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Book Review: 'Trials of the State' by Lord Sumption

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About The Author

Naz Khan (Guest Contributor)

Naz Khan is a LL.M. candidate at Durham University, his main interests lie in civil issues and corporate law. It is his intention upon completion to pursue a career at the bar. Outside the law, he enjoys travelling and charitable work.

No one can successfully accuse Jonathan Sumption (The Right Honourable Lord Sumption OBE) of lying low and avoiding the public eye following his UK Supreme Court career. The provocative, clever, and uniformly skilled legal scholar advances a clear argument in this well-written 2019 work: law, and its modern fixation on rights and due process, has now largely filled the space previously occupied by politics and political debate - for better or for worse.

Sumption’s career has been marked by many successes, both professional and personal. Sumption was a leading barrister, but he has received equal acclaim as a historian - his four part ‘100 Years War’ history is a compelling and eclectic scholarship that is entirely detached from the law. He remains one of the very few UK lawyers to have been appointed directly from the Bar to Justice of the Supreme Court. His judicial appointment was all the more notable given what he gave up: Sumption had an active and highly commercially successful career,  and was part of the Bar’s ‘million-pound club’ based on his rate and earnings. A barrister of his skill and eminence might have been content to continue on a seemingly fulfilling career path, but instead he went to the bench.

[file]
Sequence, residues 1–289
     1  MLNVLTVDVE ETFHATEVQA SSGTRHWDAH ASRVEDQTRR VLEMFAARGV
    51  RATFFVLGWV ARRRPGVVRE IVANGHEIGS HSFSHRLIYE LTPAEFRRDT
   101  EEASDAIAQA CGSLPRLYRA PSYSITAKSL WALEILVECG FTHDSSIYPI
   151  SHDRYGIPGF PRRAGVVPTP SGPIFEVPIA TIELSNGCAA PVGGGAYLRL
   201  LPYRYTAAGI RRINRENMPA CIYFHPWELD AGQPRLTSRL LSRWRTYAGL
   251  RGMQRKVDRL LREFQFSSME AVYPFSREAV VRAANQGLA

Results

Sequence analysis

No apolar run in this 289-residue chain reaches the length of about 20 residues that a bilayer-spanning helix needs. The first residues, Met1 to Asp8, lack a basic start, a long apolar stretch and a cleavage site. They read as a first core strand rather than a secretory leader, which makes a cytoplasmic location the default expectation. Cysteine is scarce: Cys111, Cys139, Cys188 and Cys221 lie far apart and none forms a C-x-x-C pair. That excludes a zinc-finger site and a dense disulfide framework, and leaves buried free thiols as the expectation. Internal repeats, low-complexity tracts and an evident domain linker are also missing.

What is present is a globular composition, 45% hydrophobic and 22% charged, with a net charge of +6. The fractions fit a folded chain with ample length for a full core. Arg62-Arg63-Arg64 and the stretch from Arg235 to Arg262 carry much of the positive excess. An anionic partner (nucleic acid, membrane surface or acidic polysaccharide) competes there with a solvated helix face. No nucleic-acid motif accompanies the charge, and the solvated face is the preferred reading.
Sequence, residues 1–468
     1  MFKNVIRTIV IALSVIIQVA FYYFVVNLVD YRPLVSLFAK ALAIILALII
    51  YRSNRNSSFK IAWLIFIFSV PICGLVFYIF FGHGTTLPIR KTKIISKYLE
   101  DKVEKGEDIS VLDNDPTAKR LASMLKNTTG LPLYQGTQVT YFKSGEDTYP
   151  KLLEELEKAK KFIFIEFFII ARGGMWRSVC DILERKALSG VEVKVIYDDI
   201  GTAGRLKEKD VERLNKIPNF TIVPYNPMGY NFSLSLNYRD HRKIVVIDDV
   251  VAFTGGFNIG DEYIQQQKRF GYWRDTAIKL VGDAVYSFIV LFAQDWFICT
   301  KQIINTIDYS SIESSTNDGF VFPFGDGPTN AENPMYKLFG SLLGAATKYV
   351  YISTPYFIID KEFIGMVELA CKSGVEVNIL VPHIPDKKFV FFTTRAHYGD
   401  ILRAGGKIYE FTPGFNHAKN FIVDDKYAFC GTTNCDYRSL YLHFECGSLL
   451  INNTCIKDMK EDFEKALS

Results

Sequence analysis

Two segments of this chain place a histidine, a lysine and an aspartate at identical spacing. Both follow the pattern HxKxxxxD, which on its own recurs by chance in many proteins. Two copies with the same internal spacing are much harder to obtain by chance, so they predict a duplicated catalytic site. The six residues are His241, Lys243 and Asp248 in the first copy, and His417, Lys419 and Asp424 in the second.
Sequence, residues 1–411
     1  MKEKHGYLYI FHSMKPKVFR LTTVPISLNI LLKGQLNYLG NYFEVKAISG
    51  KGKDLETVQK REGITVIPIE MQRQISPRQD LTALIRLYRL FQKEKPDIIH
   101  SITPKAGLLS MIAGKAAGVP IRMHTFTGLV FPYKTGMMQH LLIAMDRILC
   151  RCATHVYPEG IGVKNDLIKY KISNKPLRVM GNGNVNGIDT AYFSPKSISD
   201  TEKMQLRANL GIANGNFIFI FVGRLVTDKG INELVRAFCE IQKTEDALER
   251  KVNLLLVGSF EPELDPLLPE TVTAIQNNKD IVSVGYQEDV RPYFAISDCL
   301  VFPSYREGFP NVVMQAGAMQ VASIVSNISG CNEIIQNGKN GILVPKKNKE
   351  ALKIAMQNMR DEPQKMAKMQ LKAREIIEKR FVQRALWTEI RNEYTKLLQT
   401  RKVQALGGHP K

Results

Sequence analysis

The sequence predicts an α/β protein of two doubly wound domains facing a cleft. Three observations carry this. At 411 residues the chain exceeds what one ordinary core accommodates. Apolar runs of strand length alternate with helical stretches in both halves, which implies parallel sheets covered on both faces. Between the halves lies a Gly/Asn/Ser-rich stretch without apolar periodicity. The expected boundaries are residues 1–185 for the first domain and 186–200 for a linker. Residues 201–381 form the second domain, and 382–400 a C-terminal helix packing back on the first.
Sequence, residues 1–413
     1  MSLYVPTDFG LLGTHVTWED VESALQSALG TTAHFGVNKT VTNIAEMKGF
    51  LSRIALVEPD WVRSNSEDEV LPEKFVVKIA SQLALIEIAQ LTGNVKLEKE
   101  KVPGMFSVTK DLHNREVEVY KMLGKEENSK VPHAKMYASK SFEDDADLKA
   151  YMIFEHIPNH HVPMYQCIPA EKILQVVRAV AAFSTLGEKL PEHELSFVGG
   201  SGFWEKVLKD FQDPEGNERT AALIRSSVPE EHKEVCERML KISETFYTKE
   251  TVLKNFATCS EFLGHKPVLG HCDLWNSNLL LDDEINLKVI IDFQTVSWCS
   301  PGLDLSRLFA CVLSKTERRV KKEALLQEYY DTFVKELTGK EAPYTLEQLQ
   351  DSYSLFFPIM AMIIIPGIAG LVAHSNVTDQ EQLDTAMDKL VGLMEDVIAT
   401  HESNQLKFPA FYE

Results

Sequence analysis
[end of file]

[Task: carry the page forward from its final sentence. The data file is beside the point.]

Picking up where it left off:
In ‘Trials of the State’, Sumption charts a path that plays upon the irony prompted by his title. He discusses the ‘decline’ of politics through legal disputes that themselves involve important public law – and political - questions, the ‘trials’ in which the constantly evolving UK constitutional dynamic has been profoundly influenced. The 2017 Miller Brexit challenge, and its ultimate determination that Parliament must approve any Brexit deal, is one of a number of proceedings on which Sumption offers insightful commentary. ‘Insightful’ is the operative word, as Sumption does not demand that his reader share his view and remains impartial throughout the discussi